Seven Corners Built on Land Owned by Former Slave

Did you know that? We sure didn’t

This is a fascinating article that we dug up in The Washington Post from February 26th, 1953. We were doing a little research on the history of Seven Corners and came across this piece about the land selling and being prepared to house, what was back then, a giant shopping mall.

Seven Corners
Seven Corners

A 33-acre tract at Seven Corners, bought by a former slave for $500 after the Civil War and left to his children, has been sold conditionally for $750,000.

Sale of the property to the Lynne Investment Corp., of Washington, has been approved by Fairfax Circuit Court.

The land was bought by Frederick Foote, Sr., 88 years ago. The tract is located, generally, at the intersection of Leesburg Pike and Lee blvd. at busy Seven Corners, now called Fort Buffalo.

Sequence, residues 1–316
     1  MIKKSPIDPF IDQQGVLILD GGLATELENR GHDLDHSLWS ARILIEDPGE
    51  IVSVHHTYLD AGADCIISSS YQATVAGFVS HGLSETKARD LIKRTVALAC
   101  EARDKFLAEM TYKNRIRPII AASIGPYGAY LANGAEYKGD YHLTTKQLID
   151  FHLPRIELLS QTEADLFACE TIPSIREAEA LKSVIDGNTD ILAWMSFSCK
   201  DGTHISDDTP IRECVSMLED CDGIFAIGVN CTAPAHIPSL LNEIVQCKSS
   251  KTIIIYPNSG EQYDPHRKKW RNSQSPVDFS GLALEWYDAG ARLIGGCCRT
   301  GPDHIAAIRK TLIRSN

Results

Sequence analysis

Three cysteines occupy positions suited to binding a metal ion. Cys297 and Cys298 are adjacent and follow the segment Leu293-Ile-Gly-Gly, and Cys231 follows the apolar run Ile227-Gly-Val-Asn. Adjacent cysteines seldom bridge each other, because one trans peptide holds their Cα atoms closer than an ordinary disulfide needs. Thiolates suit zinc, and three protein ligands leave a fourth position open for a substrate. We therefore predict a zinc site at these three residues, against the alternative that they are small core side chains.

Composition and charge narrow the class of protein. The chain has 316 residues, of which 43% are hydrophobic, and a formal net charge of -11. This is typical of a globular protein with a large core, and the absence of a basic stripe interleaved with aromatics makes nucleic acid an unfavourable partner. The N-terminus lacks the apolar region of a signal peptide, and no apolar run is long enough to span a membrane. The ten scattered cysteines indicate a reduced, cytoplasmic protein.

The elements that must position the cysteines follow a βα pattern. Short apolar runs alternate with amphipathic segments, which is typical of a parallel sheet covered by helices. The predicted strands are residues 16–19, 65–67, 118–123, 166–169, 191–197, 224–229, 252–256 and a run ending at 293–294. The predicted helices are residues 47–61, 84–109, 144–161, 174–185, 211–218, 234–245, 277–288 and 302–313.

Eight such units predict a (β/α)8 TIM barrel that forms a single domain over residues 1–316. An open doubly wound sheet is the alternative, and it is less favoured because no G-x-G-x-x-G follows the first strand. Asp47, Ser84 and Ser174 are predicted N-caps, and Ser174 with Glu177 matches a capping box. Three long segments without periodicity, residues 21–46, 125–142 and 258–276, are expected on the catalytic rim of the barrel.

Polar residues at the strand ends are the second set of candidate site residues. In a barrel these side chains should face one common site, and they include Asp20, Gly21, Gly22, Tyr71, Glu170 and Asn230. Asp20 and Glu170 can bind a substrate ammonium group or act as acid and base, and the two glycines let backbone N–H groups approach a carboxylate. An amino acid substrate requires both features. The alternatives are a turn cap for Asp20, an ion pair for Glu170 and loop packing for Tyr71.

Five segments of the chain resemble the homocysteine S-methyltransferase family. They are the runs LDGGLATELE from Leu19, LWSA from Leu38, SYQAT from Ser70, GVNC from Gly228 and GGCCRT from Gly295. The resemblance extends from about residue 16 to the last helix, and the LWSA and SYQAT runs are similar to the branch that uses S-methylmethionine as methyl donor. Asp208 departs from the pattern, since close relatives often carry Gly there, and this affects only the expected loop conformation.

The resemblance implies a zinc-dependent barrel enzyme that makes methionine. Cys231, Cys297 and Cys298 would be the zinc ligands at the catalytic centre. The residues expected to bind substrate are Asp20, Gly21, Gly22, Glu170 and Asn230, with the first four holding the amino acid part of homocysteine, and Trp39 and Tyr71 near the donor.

Foote left the land to his five children and stipulated in a will dated 1880 it could never be sold or leased. One child disappeared in 1912 and has been declared legally dead.

A son, Forrest D. Foote, conveyed his interest in the land to a sister, Mrs. Margarette Foote Jackson, 65, a Census Bureau employe who lives at 615 44th st. ne. The other two children, Frank C. Foote, 76, and Mrs. Virginia Foote Jackson, 83, live on the property.

Mounting taxes on the unproductive land forced the three heirs involved to seek court relief last December.

Prior to 1951 taxes amounted to $358, but a reassessment boosted the annual to over $3000. Judge Paul E. Brown broke the will and appointed commissioners to receive offers for the land.

The Lynne Investment Corp. headed by Garfield I. Kass and Irving D. Berger of Washington, contracted to buy the land on the condition all of it be zoned for commercial usage. About seven acres now is zoned commercial, the rest as suburban residential.

There you have it. Some really good Falls Church trivia for you. Now we have a Barnes & Noble (not for long) and a Starbucks! What more could you want?


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